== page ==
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Report: Average Renter in Much of U.S. Needs $100,000 Salary

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Average Renter in Much of U.S. Needs $100,000 Salary

The average renter in 11 U.S. markets must make a six-figure annual salary to avoid being classified as rent-burdened, according to a new report from researchers at Florida Atlantic University and two other schools.

At the end of April, the largest salary needed to dodge the rent-burdened label is $131,563 in San Jose, California. The average renter also needed to make at least $100,000 a year in New York; Miami; San Francisco; San Diego; Oxnard, Calif; Boston; Los Angeles; Bridgeport, Connecticut; Honolulu; and Riverside, California.

Consumers who are considered rent-burdened spend 30 percent or more of their incomes on rent and therefore struggle to pay for other necessities, such as food and medication. Those who spend 50 percent or more are severely rent-burdened.

“Not a lot of people make that kind of money,” said Ken H. Johnson, Ph.D., an economist in FAU’s College of Business. “This data illustrates perfectly what we’ve been saying about an ongoing housing affordability crisis. Rents aren’t coming down significantly, if at all, so until incomes increase sharply, consumers in much of the country will continue to do without basic needs.”

To avoid being rent-burdened, the average U.S. renter needs to make nearly $81,000 a year, according to the report.

Meanwhile, the least rent-burdened market is Wichita, Kansas, where the average renter needs to make just less than $40,000. McAllen, Texas is the next least rent-burdened area, requiring an annual salary of less than $48,000.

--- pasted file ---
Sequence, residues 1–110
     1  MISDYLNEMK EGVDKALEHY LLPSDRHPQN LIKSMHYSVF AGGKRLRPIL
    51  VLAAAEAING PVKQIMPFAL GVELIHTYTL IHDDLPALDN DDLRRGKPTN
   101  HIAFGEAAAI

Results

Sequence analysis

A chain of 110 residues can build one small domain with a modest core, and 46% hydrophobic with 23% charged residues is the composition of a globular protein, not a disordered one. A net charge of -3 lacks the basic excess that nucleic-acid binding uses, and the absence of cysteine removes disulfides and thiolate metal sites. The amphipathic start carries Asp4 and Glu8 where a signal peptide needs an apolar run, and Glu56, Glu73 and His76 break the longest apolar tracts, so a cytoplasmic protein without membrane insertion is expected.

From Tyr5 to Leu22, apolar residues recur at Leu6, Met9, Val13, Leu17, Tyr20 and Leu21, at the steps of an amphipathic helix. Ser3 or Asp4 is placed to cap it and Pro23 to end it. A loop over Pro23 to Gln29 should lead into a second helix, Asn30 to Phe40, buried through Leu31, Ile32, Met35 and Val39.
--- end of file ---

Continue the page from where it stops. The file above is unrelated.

Johnson and fellow researchers Shelton Weeks, Ph.D., of Florida Gulf Coast University, and Bennie Waller, Ph.D., of The University of Alabama, recently added the rent-burdened metric to their monthly analysis of the most overvalued U.S. rental markets. They use leasing data from Zillow’s Observed Rental Index to determine existing rents and statistically model historical trends from 2014. The Waller, Weeks and Johnson Rental Index covers the entire rental stock of homes and apartments.

The latest report shows that Florida continues to dominate the list of the most overpriced markets, with Cape Coral-Fort Myers, Miami, North Port-Bradenton and Deltona all ranked in the Top 10.

Three U.S. markets (Cape Coral-Fort Myers; Charleston, South Carolina; and Madison, Wisconsin) all experienced double-digit, year-over-year rent increases.

Only seven markets posted month-over-month rent declines: Fresno, California; North Port-Bradenton; Stockton, California; Akron, Ohio; Albany, New York; New Haven, Connecticut and Tulsa, Oklahoma. The full rankings can be found here.

“In the past, the nation has dealt with unaffordable housing in the short run by moving in together,” Waller said. “This is what seems most likely once again.”

Weeks said it’s essential to build more rentals to keep pace with household formation and demographic shifts across the country.

“But until then,” he said, “the rent crisis will be most persistent in the Sun Belt states as they gain significantly in population.”